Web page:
Globally, at least 1.8 billion people use a drinking-water source contaminated with feces, according to the World Health Organization, and 842,000 deaths from diarrheal diseases each year could be prevented by improved water, sanitation and hygiene.
Poor water, sanitation and hygiene are major contributors to neglected tropical diseases like schistosomiasis, trachoma and intestinal worms, which affect more than 1.5 billion people every year.
One Oklahoma City-based organization is trying to change that. Water4 provides clean water to developing areas by teaching residents how to drill, make and install water wells/pumps, and, more importantly, how to maintain them and teach others.
What makes them truly different is that they not only drill wells, but they also teach communities how to maintain those same wells. In addition, the people they train go on to train other communities, making for a more sustainable solution to the water crisis in developing countries.
Water4 started in 2008 after Richard and Terri Greenly, owners of Pumps of Oklahoma, went to China to discuss water issues and realized that clean water was an issue globally. Clean water would open doors that were normally closed to international humanitarian efforts
In Africa, for instance, water pumps that were provided by the United Nations—expensive, complicated creations—mostly failed after 11 months of use. The villagers couldn’t repair them, and the pipes were too heavy to get out of the ground. All over Africa stand the corpses of once-functional water wells.
Unlike the complicated and heavy wells drilled in the past, the Water4 wells are dug manually, using PVC pipe. Instead of spending up to $20,000 for wells and pumps that would break in 11 months, Water4 instead recruits and trains locals in manual drilling techniques and maintenance.
The average well cost for Water4 is $1,900, but the organization invests much more than just a hole and the hardware. It trains the community to take care of the well and to take care of themselves through a sanitation and hygiene program called WASH.
The last few years, Water4 has been refining its process with a focus on having every person, school and clinic have clean, accessible water in every community in all 14 countries Water4 works in.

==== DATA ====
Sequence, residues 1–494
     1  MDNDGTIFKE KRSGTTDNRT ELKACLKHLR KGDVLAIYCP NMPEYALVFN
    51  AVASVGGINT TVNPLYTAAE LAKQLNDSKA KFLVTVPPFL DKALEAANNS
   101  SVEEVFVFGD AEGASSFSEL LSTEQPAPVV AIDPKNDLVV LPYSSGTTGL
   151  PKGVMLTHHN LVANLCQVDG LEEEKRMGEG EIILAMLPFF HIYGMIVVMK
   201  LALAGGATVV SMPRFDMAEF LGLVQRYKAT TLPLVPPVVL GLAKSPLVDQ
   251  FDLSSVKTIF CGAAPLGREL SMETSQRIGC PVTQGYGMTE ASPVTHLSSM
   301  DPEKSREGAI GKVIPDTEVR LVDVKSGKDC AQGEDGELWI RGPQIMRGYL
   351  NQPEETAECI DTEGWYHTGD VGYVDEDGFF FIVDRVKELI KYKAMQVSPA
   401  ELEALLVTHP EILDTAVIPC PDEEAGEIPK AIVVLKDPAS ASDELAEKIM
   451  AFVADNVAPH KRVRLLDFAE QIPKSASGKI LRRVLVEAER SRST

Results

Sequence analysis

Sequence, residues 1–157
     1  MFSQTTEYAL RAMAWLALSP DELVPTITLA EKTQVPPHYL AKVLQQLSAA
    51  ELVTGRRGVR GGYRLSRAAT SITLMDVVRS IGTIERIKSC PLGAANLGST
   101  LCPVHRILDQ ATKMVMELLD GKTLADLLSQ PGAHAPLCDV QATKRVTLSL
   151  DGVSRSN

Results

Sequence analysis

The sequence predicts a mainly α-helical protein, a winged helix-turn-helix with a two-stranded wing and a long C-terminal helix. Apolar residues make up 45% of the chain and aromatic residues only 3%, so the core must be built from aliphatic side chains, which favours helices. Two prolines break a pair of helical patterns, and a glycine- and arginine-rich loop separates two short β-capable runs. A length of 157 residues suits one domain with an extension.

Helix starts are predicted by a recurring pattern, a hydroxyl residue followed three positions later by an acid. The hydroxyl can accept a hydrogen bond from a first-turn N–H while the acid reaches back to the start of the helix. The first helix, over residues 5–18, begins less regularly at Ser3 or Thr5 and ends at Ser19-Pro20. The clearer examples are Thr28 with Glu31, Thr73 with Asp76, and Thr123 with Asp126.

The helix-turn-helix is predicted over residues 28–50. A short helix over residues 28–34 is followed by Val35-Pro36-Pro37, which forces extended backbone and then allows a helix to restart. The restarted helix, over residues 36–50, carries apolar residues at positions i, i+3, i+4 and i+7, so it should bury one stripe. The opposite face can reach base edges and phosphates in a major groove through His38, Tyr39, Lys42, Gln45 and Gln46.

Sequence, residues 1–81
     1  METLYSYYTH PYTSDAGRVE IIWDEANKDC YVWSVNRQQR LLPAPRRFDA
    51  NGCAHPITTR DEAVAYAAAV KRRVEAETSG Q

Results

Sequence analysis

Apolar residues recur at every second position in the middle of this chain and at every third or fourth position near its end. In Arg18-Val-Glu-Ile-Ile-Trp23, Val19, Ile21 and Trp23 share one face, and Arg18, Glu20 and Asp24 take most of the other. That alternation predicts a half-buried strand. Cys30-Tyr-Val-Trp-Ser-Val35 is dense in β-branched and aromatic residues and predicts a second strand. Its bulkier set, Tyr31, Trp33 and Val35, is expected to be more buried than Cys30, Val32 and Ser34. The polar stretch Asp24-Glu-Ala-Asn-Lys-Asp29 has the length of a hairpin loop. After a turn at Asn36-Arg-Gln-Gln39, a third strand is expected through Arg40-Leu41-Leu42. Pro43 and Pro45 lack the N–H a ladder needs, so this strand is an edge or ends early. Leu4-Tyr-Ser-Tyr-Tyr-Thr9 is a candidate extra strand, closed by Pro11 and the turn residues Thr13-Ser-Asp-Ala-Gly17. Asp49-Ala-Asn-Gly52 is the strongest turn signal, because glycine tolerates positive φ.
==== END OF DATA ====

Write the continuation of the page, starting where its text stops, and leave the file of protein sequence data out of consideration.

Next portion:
"We asked ourselves what would happen if we picked an area that was small enough to do but big enough to matter and tackle the water issue for good by making it sustainable forever," Mitchell says. "We are at the point where we have a goal to have at least one county or district in all 14 countries free of a water crisis by 2030."
Water4 knows it can't solve the world's water crisis on its own, so it hopes to inspire other water organizations to think differently and see there is a better way to solve the water crisis.
To help them reach that goal, Water4 will host the inaugural Walk 4 Water from 9 a.m. to noon on Oct. 5 at Wheeler Park in Oklahoma City. They aim to raise $250,000 for water projects this year.
"People in developing countries have to get up in the morning and walk for miles and for hours to get to a water source while carrying a 5-gallon bucket that can weigh 40 pounds while full," Mitchell says.
Participants in Walk 4 Water will do the same thing, he says. The 3-mile walk begins with people carrying an empty 5-gallon bucket. Halfway through, they must fill the bucket with water and walk the remaining way.
"We wanted to do something that lets people experience what that is really like," he says. "Everyone knows that people in developing countries have to walk miles for water, but they get to actually experience it on a personal level now."
The event isn't just hauling water and walking. Food trucks, entertainment, music, hand pump replicas and more will also be available for the family-friendly event. What's more, the event is free.
"We wanted to keep it free with the hopes that as many people will sign up and then share it with their friends to support the walk," Mitchell says. "We hate being 'the best-kept secret' in Oklahoma. People have no idea that an organization like ours exists in Oklahoma City. For 10 years now, we've helped 1.3 million people get access to clean water and our teams have completed over 5,000 water projects. And that happens here from Oklahoma City."
For more information or to sign up for the Walk 4 Water, visit Water4.org/Walk.